[m-dev.] Thoughts on binary back-ends

Ralph Becket rbeck at microsoft.com
Tue Jun 19 22:35:54 AEST 2001

I've been thinking about compiler back-ends and been looking at
C-- and MLRISC and so forth (I admit it's not something I've
studied extensively).  These are some preliminary thoughts on
the subject - I'd be interested to hear other people's views
and opinions.

My first impression is that you really want to keep control over 
your stack allocation and register allocation policy.

You probably don't want your back end language doing stuff like
CSE, invariant code motion, expression decomposition into
primitives etc. (that's what the front end is supposed to do.)

You do want your back end to handle register allocation, argument
passing, instruction scheduling, peephole optimization and so

However, there is something of an impedance mismatch here that
neither C--, MLRISC or any of the others that I've looked at

It seems to me that you want the compiler front end to deliver 
some low level code representation along the lines of

:- type code_block
    --->    code_block(
                entry_point             :: maybe(proc_name),
                globals                 :: var_names,
                implicit_params         :: var_names,
                procs                   :: list(proc)

:- type proc
    --->    proc(
                name                    :: proc_name,
                params                  :: var_names,
                results                 :: var_names,
                locals                  :: var_names,
                body                    :: body

:- type proc_name == string.

    % XXX We should differentiate between ints and floats...
:- type var_names == list(var_name).

:- type var_name == string.
:- type body == list(instr).

:- type instr
    --->    (val := rval)               % Assignment (move or
    ;       call(string, var_names, var_names) % Subroutine call.
    ;       goto(string, var_names)            % Tail call.
    ;       return                      % Return from subroutine.
    ;       loop(body)                  % Circular loop.
    ;       break(n)                    % Break out of nth enclosing
    ;       continue(n)                 % Jump to start of nth enclosing
    ;       if_then(cond, body)
    ;       if_then_else(cond, body, body).

:- type val
    --->    const(int)
    ;       var(var_name)
    ;       ind(var_name, offset).      % XXX Should this be a binary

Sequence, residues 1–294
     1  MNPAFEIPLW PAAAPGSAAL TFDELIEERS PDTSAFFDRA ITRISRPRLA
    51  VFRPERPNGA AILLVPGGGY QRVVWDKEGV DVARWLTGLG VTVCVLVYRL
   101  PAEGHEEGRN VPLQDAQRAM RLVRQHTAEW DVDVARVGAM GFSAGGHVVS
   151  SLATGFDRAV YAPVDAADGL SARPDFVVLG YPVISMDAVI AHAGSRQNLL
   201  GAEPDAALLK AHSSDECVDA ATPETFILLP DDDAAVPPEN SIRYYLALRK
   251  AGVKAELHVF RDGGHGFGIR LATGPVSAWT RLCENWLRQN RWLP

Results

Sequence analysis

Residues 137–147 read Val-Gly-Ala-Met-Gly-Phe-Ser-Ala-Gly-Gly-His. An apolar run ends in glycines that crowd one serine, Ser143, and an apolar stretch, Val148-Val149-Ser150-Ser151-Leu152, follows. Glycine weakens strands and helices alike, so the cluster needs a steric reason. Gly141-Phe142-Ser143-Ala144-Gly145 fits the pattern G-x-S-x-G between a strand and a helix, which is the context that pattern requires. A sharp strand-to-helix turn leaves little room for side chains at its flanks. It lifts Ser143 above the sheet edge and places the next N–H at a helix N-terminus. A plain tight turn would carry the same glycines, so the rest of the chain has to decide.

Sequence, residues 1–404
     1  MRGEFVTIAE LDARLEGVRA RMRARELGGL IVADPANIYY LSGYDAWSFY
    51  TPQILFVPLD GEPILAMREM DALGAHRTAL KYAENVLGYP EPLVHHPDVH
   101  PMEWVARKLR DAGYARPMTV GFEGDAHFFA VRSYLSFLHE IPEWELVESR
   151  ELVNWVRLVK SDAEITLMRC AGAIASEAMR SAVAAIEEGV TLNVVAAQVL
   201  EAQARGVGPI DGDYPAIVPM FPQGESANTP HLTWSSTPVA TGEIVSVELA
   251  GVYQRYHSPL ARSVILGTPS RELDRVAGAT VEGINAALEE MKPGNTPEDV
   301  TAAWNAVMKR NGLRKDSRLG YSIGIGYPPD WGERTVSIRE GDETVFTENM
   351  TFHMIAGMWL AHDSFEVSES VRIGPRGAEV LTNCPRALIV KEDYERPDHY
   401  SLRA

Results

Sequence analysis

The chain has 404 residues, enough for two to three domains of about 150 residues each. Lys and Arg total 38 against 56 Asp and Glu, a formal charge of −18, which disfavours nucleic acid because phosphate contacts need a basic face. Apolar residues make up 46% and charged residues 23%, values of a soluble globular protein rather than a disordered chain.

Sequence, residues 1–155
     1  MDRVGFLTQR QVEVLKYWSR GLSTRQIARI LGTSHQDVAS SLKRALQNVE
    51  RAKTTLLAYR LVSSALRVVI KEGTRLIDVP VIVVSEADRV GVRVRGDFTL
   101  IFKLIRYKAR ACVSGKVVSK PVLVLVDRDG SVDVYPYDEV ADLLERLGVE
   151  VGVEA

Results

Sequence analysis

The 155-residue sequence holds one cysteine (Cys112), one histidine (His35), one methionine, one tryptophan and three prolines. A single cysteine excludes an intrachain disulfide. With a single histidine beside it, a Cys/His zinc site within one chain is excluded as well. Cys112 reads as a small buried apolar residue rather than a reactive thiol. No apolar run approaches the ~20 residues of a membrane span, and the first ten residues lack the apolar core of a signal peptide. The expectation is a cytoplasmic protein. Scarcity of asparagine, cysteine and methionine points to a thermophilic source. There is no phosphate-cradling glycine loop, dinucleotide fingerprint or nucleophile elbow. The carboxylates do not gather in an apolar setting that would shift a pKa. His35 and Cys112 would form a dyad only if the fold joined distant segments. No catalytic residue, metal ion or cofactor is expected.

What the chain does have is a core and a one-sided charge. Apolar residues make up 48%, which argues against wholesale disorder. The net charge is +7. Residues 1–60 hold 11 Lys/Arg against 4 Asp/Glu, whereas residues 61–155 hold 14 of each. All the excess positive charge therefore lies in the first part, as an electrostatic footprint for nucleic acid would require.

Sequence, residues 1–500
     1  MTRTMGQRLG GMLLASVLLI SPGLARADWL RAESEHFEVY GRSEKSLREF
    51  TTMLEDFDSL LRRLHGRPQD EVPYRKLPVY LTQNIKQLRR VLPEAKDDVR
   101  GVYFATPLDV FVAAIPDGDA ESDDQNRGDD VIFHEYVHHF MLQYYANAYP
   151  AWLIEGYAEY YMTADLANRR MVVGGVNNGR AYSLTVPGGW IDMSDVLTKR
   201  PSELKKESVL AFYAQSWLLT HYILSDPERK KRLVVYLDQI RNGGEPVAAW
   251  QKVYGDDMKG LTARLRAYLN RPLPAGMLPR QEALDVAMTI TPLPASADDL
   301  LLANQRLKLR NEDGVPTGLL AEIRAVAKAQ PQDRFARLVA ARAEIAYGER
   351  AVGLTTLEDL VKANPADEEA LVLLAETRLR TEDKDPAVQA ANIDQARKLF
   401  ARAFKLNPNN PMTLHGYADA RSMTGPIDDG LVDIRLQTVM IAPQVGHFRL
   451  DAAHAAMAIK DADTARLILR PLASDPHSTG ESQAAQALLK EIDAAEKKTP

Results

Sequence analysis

:- type offset
    --->    b(int)                      % Bytes.
    ;       w(int).                     % Words.

:- type rval
    --->    val(val)
    ;       i(int)
    ;       op(unary_op, val)
    ;       op(val, binary_op, val).

:- type cond
    --->    (val = val)
    ;       (val \= val)
    ;       (val > val)
    ;       (val >= val)
    ;       (val < val)
    ;       (val =< val).

(This misses all sorts of stuff out such as constant declarations,
but gives the general idea.)

The outline above covers the majority (if not all) of language 
constructs that are used in the 

LL code would be compiled by the back-end into a very low level 
language.  Pretty much all that would be required is a set of
translations, the most complex being a specification of the
calling convention (parameter order, return address specification,
caller/callee saves register sets, global register values etc.),
and a spot of register colouring.

The VLL language would be something of the order:

:- type asms == list(asm).

:- type asm
    --->    (val := rval)
    ;       label(label_name)           % Jump target.
    ;       goto(target)                % Unconditional jump.
    ;       cond_goto(cond, target).    % Conditional jump.

:- type target
    --->    addr(label_name)
    ;       val(val).

VLL code is simple enough that targeting most architectures should
be a relatively lightweight matter (one hopes).  This is where one
would apply various peephole optimizations.

The LLDS already contains code to do much of this, which makes me
wonder how hard it would be to implement a retargetable binary
back end along the lines above?

While we would certainly expect an improvement in compilation times,
how much performance might we lose by not going via gcc?

As I say, I'd be interested in hearing what people think.

- Ralph
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